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Lethbridge Herald Newspaper Archives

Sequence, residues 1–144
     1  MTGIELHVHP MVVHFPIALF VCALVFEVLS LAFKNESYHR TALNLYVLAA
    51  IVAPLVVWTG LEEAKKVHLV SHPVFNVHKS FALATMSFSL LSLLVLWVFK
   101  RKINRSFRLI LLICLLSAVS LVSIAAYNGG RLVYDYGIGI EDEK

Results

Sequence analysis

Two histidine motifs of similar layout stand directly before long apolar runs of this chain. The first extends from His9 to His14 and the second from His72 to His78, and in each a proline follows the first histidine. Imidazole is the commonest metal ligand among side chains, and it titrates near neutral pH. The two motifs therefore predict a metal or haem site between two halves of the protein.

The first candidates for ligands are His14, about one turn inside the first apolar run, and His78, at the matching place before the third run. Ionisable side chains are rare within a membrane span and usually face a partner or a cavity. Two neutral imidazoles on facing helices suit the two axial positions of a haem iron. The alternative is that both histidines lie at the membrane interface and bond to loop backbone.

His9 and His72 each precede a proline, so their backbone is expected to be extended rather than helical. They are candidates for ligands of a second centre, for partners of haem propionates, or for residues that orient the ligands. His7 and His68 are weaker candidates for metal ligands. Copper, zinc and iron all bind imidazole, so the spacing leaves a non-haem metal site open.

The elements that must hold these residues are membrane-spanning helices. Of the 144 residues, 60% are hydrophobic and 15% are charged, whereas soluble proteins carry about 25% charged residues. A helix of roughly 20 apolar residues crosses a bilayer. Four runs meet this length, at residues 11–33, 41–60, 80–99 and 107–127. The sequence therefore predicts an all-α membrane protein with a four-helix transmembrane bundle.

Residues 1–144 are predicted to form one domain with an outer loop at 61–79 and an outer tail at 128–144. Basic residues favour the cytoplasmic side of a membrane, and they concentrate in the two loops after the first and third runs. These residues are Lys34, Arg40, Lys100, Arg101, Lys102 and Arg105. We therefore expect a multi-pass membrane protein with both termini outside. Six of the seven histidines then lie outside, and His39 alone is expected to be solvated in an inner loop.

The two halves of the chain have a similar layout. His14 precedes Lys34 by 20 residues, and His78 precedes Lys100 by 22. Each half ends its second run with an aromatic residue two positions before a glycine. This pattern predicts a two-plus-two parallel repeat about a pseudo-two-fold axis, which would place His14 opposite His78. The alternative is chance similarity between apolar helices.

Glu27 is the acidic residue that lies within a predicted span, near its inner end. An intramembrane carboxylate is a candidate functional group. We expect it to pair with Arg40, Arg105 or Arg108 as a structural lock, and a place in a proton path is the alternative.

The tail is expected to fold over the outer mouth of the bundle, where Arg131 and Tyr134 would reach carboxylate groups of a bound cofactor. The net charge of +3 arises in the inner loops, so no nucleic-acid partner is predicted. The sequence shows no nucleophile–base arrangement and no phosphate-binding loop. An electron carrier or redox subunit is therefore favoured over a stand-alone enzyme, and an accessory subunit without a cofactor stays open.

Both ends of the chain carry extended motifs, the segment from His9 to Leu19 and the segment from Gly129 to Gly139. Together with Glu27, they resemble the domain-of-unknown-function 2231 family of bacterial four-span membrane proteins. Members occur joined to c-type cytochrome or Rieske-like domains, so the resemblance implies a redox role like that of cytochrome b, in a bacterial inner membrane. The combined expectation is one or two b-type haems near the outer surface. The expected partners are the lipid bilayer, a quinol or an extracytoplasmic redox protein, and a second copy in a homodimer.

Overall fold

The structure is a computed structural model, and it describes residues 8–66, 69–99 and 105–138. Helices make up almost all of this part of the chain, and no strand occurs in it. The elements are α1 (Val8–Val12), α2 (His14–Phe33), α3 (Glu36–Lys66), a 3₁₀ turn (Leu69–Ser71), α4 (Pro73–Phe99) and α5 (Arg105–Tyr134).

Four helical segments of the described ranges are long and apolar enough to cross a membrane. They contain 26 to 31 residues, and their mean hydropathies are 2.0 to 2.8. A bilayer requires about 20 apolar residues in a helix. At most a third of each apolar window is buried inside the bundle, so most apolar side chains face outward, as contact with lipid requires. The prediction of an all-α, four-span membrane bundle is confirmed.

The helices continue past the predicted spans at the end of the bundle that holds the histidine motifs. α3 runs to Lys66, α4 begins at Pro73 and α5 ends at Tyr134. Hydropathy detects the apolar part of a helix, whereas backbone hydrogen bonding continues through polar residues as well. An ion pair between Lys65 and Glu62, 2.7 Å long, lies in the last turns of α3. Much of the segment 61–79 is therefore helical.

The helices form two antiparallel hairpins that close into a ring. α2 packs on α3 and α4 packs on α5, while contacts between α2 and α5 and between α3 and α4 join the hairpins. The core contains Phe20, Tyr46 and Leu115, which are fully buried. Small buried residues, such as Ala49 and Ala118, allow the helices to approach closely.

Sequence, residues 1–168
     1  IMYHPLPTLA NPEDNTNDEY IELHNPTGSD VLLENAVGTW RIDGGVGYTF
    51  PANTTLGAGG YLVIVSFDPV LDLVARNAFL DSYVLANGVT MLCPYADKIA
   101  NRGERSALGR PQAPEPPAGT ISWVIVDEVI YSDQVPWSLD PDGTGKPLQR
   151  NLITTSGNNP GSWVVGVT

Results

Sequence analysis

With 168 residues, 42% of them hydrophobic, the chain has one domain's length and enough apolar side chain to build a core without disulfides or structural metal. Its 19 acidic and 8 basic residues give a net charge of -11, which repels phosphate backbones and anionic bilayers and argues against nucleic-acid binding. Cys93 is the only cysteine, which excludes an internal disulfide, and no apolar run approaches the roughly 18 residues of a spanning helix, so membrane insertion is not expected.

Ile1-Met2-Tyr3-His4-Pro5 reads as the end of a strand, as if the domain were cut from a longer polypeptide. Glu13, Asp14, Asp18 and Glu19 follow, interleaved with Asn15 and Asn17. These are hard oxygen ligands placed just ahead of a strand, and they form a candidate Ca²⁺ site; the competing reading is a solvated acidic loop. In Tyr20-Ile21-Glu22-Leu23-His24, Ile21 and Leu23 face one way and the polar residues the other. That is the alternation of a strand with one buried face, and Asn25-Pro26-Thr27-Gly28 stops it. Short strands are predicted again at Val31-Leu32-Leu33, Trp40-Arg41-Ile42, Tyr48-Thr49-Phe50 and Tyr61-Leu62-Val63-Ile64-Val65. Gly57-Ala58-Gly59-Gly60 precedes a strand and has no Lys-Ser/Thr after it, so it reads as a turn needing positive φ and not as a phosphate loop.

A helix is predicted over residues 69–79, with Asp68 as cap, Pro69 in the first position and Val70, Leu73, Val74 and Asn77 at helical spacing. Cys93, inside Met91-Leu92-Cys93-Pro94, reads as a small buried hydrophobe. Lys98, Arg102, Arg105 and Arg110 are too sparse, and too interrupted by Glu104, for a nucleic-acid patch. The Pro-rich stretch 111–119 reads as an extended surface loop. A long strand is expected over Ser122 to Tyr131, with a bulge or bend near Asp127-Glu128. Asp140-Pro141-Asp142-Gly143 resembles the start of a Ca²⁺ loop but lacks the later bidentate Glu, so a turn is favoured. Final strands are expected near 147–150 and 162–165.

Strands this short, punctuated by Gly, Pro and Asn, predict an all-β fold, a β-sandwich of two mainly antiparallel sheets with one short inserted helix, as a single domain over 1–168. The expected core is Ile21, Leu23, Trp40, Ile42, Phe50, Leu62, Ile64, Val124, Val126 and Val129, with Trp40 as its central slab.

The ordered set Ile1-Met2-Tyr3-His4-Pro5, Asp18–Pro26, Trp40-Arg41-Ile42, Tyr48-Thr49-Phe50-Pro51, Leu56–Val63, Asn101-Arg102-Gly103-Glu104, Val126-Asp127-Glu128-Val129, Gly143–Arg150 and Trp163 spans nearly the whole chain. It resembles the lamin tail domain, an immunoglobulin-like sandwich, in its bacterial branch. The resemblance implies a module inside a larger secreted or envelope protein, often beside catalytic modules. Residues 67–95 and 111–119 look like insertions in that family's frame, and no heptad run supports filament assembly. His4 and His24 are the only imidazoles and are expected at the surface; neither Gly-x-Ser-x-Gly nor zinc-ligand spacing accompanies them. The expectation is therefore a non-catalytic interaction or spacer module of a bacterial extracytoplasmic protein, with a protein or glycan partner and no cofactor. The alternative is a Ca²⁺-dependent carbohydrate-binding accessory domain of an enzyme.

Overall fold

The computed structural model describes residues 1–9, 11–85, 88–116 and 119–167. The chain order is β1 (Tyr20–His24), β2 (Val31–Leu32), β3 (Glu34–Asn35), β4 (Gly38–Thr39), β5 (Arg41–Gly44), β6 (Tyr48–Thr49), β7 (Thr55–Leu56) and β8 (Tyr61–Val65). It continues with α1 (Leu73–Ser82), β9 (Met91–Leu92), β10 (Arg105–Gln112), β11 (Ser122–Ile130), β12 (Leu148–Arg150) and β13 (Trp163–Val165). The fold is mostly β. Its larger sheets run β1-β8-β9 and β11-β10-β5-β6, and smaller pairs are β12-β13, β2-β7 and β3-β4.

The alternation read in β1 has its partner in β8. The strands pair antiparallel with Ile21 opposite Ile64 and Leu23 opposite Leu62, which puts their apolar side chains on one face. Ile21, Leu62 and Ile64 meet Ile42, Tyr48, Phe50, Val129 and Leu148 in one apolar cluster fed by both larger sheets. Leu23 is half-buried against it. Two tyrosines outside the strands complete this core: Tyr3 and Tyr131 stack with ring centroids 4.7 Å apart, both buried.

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Lethbridge Herald (Newspaper) - March 5, 1971, Lethbridge, Alberta Friday, March 5, 1971 - THE IETHBRIDGE HERALD - IV Members haggle over farm bill OTTAWA (CP) - The Com-m o n s agriculture committee Thursday edged further into its consideration of the government's bill to establish a national farm products marketing council, approving one subclause of the third of 40 sections. But before approval came, committee members wrangled at length over an opposition amendment providing that members of the council be appointed for seven-year terms, with the stipulation that they could be removed from office for just cause at any time. The amendment, moved by Jack Horner (PC-Crowfoot) and defeated 15 to 11, would have replaced the bill's proposal that council members hold office at the pleasure of the cabinet; Mr. Horner came to the committee meeting armed with volumes of federal statutes. Many of them, he said, had established similar councils or boards but did not allow membership to be terminated at the pleasure of the cabinet. Opposition members joined Mr. Horner in chiding Agriculture Minister H. A Olson for telling the committee Wednesday that it was common practice in such cases to allow membership on a federal council or board at the pleasure of the cabinet. OLSON LEFT MEET Mr. Olson, however, did not respond to requests for an explanation of his earlier comments and soon left the meeting. Nearly all of the discussion of the amendment came from the opposition side of the table. Clifford Downey (PC-Battle River) told the committee it ap-peared to him that the precedent for explicit terms of office was well established, and that to leave the period of office to the pleasure of the cabinet left it "too much open to political philandering." Richard R. Southam (PC- Qu-Appelle-Moose Mountain) said the amendment removed "all fears of political interference," and would be welcomed by any appointee who would want to be guaranteed some tenure of office. The bunker people XE RANG NUOC, Laos (Renter) - Some 900 Montagnard tribesmen in this village have been living, dying and marrying in bunkers 10 miles inside Laos fearful of venturing into the open because of American air strikes in support of the South Vietnamese attack on the Hi Chi Minh trail. The villagers are the first civilians to be overtaken by South Vietnamese troops in Laos and have spent most of the last month in their bunkers. Late Wednesday reporters accompanied a South Vietnamese patrol to the village and saw at. first hand the effects the battle raging in Laos has had on their existence. The village is located in a heavily forested area some two miles from the South Vietnam- Owns Jiffy Bar RAYMOND (HNS) - A Raymond businessman has purchased a Cardston business. David Oler is now the owner and operator of the Cardston Jiffy Dairy Bar. ese firebase of Delta One, which overlooks the important Route 92 of the Ho Chi Minh trail. . It is about VA miles from a river where the villagers had caught fish and cultivated rice for more than half a century. THE BUNKER PEOPLE The South Vietnamese troops occupying Firebase Delta One have named the Montagnards "bunker people" and since their arrival have sent bags of rice, clothing and cigarettes to the villagers. These presents have been the main sources of food for the Montagnards since the war swept over them. The villagers said that for the last 11 years they had been the "slaves" of the North Vietnamese who used them as porters when bad weather stopped vehicles moving down the Ho Chi Minh trail. A village elder said they had lived in the area for more than 50 years and until the North Vietnamese began moving supplies through Laos their only contact with war was fighting with neighboring tribesmen. Surrounding the village are a number of abandoned North Vietnamese bunkers where truck drivers had rested. Sharp warns again OTTAWA TCP) - External Affairs Minister Mitchell Sharp Thursday issued another indirect warning to the United States that Canada vigorously opposes any oil tanker route from Alaska to Washington State. He said in the Commons in reply to Gordon Aiken (PC- Parry Sound-Muskoka) that there would be "great risks" for Canada and especially the British Columbia coast in such tanker operations. He used the expression "great risks" twice and at another point said "very risky." He decided to answer Mr. Aiken's question on whether the U.S. has formally replied to Canada's request for consultations on a, tanker route. He said merely that the U.S\ has not taken any de^'"'1 because hearings are still going on. Mr. Sharp said that a U.S. decision against a cross-Alaska oil pipeline combined with tanker shipments to the continental U.S. would allow freedom for consideration of alternate routes. NO BIDDERS VET Mr. Sharp, acting prime minister during a brief skiing holiday by Prime Minister Trudeau, said no U.S. company has applied to Canada for an oil pipeline route from the Arctic. If there is an application, the National Energy Board will hold public hearings, he told David Orlikow (N D P -W i n n i p e g North). In reply to Louis ComeaufPC -South Western Nova), the minister said Energy Minister J. J. Greene now is developing an energy policy for presentation to the cabinet. This policy might be presented to the public in the form of a white paper, but Mr. Sharp gave no indication when this might be done. Paul Y e w c h u k (PC-Athabasca) asked that residents of the Mackenzie Valley be consulted on any pipeline route down the valley to Edmonton. JIM DAVIS SAND and GRAVEL COAIHURST, ALBERTA New Telephone Number Is 327-6533 Austin recalled for replacement TORONTO (CP) - British Leyland Motors Canada Ltd. said Thursday it is recalling 7,555 Austin America compact sedans for replacement of a brake system valve. The cars involved are from the 1969, 1970 and 1971 model years. Dealers will replace the valve at no cost to owners. The company said, an improperly operating valve causes reduced efficiency of the reserve braking system "in the unlikely event of front braking system failure." [ Alberta's Great Moments Starring the famous players from your lovable Lethbridge label 1912 Calgary Stampede The Stampede. Rip-roaringest rodeo of them all. It came bucking out o! the chulo in 1912 and hit lull stride in the same rugged, robust era that launched Lethbridge Pilsner - both of them complete with a crazy cast of characters. They're part ol a proud heritage, an unchanging tradition: Alberta's original rodeo and Alberta's original Pilsner, full of good old-fashioned flavour that's still going strong. So call for a beer with real beer taste: Lethbridge Pil. It's made for Great Moments, BEER KIDNAPPED BOY REUNITED WITH MOTHER - Michael luhmer, seven-year-old boy kidnapped last Monday when mistaken for the son of an American diplomat, is reunited with his mother at the Munich main police station. The boy, a bus driver's son, was returned in exchange for a $47,900 ransom. Royal eagle ready to fly LONDON CAP) - The RAF is providing a special jet and extra protection for Prince Charles during five months of flight, training that will give him the wings ol an RAF combat pilot. "Alter all. he is the heir to the throne, and it wouldn't do for us to . . . well . . . lose him." said a staff member at the RAF's Cianwell College. Charles begins advanced flight training there Monday. The course will include solo aerobatics in a 450-mile-an-hour Provost Mark V over the flat-lands of Lincolnshire County. The 22-year-old prince already has 170 hours aloft piloting private planes. Specially fitted out. and dubbed Exercise Golden Eagle, the prince's Provost will be maintained to a higher standard than the trainers used by his fellow students, an RAF spokesman said. Other planes within 50 miles of Cranwell will be warned a day in advance to keep out of thp area when the prince gees aloft to practice loops, rolls and spins. SOLO 24 HOURS Trainee pilots fly 54 hours with an instructor and 24 hours solo during the course. If all goes well, Charles will get his wings in August. He has been given a commission for his stay in the RAF and will be known as Ftl. Lt. The Prince of Wales. Servicemen of junior rank will call him "sir;" senior officers will address him as Prince Charles and will be entitled to a salute from him. The RAF said the prince will receive no pay at his request. Fellow students get the equivalent of $2,540 a year. The eldest son of the Queen will share a college apartment with FO James Giles, 23, who told reporters: "1 hope we'll have a lot of fun together." Vaccination kills KANSAS CITY (AP) - Deaths from smallpox, averaging les.; than one a year in the United States, are fewer than deaths from complications of smallpox vaccinations and ft medical authority says the tim� is approaching for a changed attitude toward routine small-pox immunization of children. Dr. William H. Foege *ays seven persons died last year from smallpox vaccinations. 9  ft       9 9 9 9 9 9 9 9 9 9 9 9 r HOURS: FRIDAY �nd SATURDAY 10 A.M. TO 10 P.M. 0PEK SUNDAY 12 NOON TO 6 P.M. MONDAY... LAST CHANCE! 9 A.M. TO 3 P.M.    ENERSON'S   ML* INDOOR CAR SALE EXHIBITION PAVILION NEW and USED CARS and TRUCKS AT WHOLESALE PRICES! Shop for the Car of Your Choice in 70 degree comfort during Enerson's Car Sale - every make, model and year of car is wholesale priced to save you money! TRADITION V0U CAN TASTE  FR0B THE HOUSE Of UTMSA1DGE FIRST PAYMENT IN JUNE 36 MONTH TERMS BANK RATES ENERSON'S of Course! BUY A NEW OR USED CAR OR TRUCK AT WHOLESALE! DEALER FO R.OPEL FIRENZA ACADIAN PONTIAC BUICK GMC TRUCKS at the    EXHIBITION PAVILION - LETHBRIDGE telephone 403 - 327 5705 9 m r 0 i wm ;